MINISTER OF PHYSICAL DEVELOPMENT, ENVIRONMENT AND HOUSING
ON THE OCCASION OF
WORLD ENVIRONMENT DAY
JUNE 5TH 2003
Good evening, my fellow Saint Lucians.
It is my pleasure to speak to you in commemoration of World Environment Day,
celebrated today June 5th. The environment is the basis for our survival.
Without a healthy environment, we cannot have a healthy society. Without clean
air or water, we will suffer untold health problems. Our natural beauty, our
forests, beaches, coral reefs, mangroves and sea grass beds directly support our
brand of tourism, agriculture and fisheries.
As we continue to suffer from water shortages caused by an extended dry season,
it is indeed appropriate that the theme for World Environment Day this year is
“Water – Two Billion People are Dying For it”. This theme continues the
observance of the year 2003 as the International Year of Freshwater, and more
importantly illustrates that water is not only crucial to sustainable
development, water is critical to life.
Despite some progress in recent years, facts about water at the global level are
•Four out of every 10 people live in river basins experiencing water scarcity;
•6000 children worldwide die every day from diseases associated with lack of
access to safe drinking water, inadequate sanitation and poor hygiene;
•1.2 billion people do not have access to safe drinking water; and
•2.5 billion persons do not have adequate sanitation services;
My friends, these numbers are indeed alarming, and Saint Lucia has much to be
proud of in this regard. However, we cannot afford to be complacent, our
Caribbean neighbours of Barbados and Haiti are listed among countries suffering
from water stress, that is countries where water availability does not exceed
the threshold value of 1700m3 per person annually. Caribbean islands have much
less rainfall than that of similar island states in the Pacific and Indian
Oceans, and are therefore more likely to be impacted by water shortages and
Apart from freshwater systems, riverine and coastal systems provide food
supplies, tourism opportunities, and many more benefits that are frequently
overlooked or abused. Rivers and streams bring pollutants and solid waste to the
coastal zone where they accumulate along beaches. Wastewater and sewage
discharges continue to be one of the most significant threats to sustainable
coastal development and to the health of our population. Water pollution limits
our access to existing water supplies, is a direct threat to public health,
reduces biodiversity, and compromises the stability of natural ecosystems.
The economic, environmental and social costs to St. Lucia from poor water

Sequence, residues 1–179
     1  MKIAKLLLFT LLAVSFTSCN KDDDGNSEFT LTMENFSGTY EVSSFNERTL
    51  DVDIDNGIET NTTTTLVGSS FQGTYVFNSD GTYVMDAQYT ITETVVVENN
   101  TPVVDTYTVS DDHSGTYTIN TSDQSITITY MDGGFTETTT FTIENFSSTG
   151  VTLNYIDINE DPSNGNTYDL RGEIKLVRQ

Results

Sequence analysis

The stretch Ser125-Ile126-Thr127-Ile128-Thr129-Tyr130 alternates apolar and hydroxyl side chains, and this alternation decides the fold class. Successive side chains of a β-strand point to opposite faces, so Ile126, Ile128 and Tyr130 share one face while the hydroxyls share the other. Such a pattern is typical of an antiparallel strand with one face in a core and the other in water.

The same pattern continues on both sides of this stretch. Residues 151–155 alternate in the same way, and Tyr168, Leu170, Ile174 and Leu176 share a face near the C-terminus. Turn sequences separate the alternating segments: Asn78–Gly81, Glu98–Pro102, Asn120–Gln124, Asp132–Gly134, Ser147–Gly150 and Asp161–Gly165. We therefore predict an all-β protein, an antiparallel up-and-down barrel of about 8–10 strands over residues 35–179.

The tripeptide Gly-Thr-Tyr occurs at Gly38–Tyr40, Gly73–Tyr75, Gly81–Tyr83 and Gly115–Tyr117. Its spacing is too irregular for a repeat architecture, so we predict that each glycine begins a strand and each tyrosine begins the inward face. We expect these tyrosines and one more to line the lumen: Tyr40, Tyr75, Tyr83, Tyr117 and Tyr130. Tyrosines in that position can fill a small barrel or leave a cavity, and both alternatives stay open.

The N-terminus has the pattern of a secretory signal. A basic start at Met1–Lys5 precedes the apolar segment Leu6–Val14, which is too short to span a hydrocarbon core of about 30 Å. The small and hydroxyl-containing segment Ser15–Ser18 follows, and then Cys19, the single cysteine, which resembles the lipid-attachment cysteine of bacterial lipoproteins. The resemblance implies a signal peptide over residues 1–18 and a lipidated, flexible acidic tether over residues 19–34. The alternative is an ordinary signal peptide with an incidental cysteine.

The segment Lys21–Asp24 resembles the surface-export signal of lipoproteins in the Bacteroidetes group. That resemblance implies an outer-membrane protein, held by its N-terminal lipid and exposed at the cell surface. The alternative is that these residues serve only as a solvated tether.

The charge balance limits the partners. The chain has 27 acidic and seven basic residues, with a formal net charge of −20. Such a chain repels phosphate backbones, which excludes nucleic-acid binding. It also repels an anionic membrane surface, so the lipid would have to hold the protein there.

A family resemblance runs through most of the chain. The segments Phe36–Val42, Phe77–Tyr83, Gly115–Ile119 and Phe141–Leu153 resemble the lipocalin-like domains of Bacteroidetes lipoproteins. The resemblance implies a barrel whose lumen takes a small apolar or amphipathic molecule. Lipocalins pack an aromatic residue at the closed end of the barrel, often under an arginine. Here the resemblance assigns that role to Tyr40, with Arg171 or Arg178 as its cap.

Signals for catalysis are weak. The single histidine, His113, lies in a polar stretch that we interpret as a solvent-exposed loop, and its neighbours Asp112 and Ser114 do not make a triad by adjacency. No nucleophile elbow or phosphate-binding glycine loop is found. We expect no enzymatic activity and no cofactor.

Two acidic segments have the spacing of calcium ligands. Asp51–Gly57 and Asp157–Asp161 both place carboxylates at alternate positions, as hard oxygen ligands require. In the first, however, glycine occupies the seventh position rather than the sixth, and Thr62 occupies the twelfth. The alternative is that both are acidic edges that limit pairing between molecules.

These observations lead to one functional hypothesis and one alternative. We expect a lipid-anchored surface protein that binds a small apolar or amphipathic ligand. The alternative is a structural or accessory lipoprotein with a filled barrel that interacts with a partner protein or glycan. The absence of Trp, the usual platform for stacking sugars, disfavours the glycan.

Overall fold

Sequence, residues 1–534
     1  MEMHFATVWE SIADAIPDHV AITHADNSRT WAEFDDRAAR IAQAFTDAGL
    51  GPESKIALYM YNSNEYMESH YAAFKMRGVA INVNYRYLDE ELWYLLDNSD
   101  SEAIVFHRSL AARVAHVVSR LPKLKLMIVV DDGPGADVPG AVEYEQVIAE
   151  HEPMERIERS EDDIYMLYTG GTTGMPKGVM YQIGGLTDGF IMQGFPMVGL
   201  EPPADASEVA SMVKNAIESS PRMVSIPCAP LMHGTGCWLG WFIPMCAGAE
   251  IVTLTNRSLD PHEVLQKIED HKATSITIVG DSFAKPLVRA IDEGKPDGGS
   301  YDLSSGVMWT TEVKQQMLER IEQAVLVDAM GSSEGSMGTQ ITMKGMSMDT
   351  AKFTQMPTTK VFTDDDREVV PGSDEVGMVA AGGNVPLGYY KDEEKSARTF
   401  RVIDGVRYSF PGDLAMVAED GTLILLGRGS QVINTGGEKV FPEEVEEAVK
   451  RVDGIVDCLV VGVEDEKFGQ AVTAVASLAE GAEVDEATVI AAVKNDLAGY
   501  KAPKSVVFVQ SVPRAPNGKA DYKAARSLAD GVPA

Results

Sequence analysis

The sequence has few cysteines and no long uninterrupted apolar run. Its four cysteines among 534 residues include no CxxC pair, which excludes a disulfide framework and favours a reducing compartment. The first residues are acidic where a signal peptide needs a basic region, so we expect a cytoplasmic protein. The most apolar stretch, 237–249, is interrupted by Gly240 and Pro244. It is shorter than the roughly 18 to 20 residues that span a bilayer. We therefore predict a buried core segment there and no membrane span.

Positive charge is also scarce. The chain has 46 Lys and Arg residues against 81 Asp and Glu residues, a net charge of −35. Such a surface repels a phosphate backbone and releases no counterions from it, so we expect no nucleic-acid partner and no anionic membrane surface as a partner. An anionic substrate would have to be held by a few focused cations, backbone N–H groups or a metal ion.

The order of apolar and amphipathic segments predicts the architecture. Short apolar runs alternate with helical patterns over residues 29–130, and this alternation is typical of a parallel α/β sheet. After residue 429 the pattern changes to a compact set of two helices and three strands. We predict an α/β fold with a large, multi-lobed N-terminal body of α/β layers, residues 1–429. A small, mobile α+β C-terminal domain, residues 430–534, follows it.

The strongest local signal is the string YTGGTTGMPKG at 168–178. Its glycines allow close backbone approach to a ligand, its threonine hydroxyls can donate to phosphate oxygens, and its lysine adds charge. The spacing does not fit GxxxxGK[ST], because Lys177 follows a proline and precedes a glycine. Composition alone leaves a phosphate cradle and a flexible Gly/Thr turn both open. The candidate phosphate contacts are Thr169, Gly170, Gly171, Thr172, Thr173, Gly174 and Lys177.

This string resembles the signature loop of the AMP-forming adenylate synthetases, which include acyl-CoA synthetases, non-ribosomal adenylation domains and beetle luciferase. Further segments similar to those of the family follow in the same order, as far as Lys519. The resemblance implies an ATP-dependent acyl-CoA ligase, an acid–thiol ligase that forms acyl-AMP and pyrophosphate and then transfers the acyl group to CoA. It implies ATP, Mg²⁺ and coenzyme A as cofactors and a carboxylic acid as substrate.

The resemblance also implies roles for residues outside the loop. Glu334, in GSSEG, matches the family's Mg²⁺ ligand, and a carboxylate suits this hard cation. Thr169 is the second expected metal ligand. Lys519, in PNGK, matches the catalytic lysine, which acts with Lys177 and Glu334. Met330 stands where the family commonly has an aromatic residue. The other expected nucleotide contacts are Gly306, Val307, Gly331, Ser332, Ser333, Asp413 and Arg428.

resources management practices in the past continue to be very high. These costs
will rise even further if water resource management does not become a more
integral component of planning at all levels. More importantly, all of us as
Saint Lucians must take collective responsibility for safeguarding fragile water
sources by protecting our forests and using water more wisely.
Water is needed for drinking, food preparation and sanitation. It is also
required for industry and manufacturing, and in agriculture for irrigation. As a
government, we are challenged by the need to ensure equitable water distribution
to all of these users. No sector or area in the country should have preferential
treatment in the provision of water. Water, as stated in the recent conference
on Sustainable Development in South Africa, is not a priveledge, it is a basic
right. However, if we continue to destroy our forests and waste limited water
supplies, if our demand for water continues to increase while available raw
water sources decline, planning authorities will be faced with difficult
decisions in the future on water allocation, distribution and the cost of
Water shortages have not been viewed in St. Lucia in the past as the major
limitation to development and therefore we have been guilty of assuming that
water is “free”. This perception much change. Water is not free and many
agencies have embarked on sustained public awareness and education programmes to
promote water conservation and the use of water efficient devices. We must now
value water at it's real cost, a cost which must include the cost of collection,
treatment, storage and distribution. I wish to call upon all agencies and
sectors to continue to play their part in this important exercise.
Many significant efforts by Government have commenced to establish the necessary
policy and legal frameworks for improved water management. The development of
National Coastal Zone Management, National Water and National Land Use Policies
are major efforts in this regard.
Ongoing efforts by my Ministry to promote a greater participatory and integrated
approach to development planning among all stakeholders is intended to promote
this integration process, and allow water resource management to play a more
prominent role in environmental management and national development. The Policy,
Institutional and Legislative reform for the local water sector will further
assist in ensuring a safe and reliable supply of drinking water and improved
On this World Environment Day, I take the opportunity to reiterate our
Government's commitment to the sustainable use of our environmental resources
for the betterment of all. I urge everyone to examine the state of our
environment and the way our attitudes, behavior and actions negatively impact on
it. Above all, let us not take water for granted. If we all commit to save a
little every day, it can add up to savings in water, energy and money, and to a
more sustainable future for Saint Lucia.
Thank you and Good evening.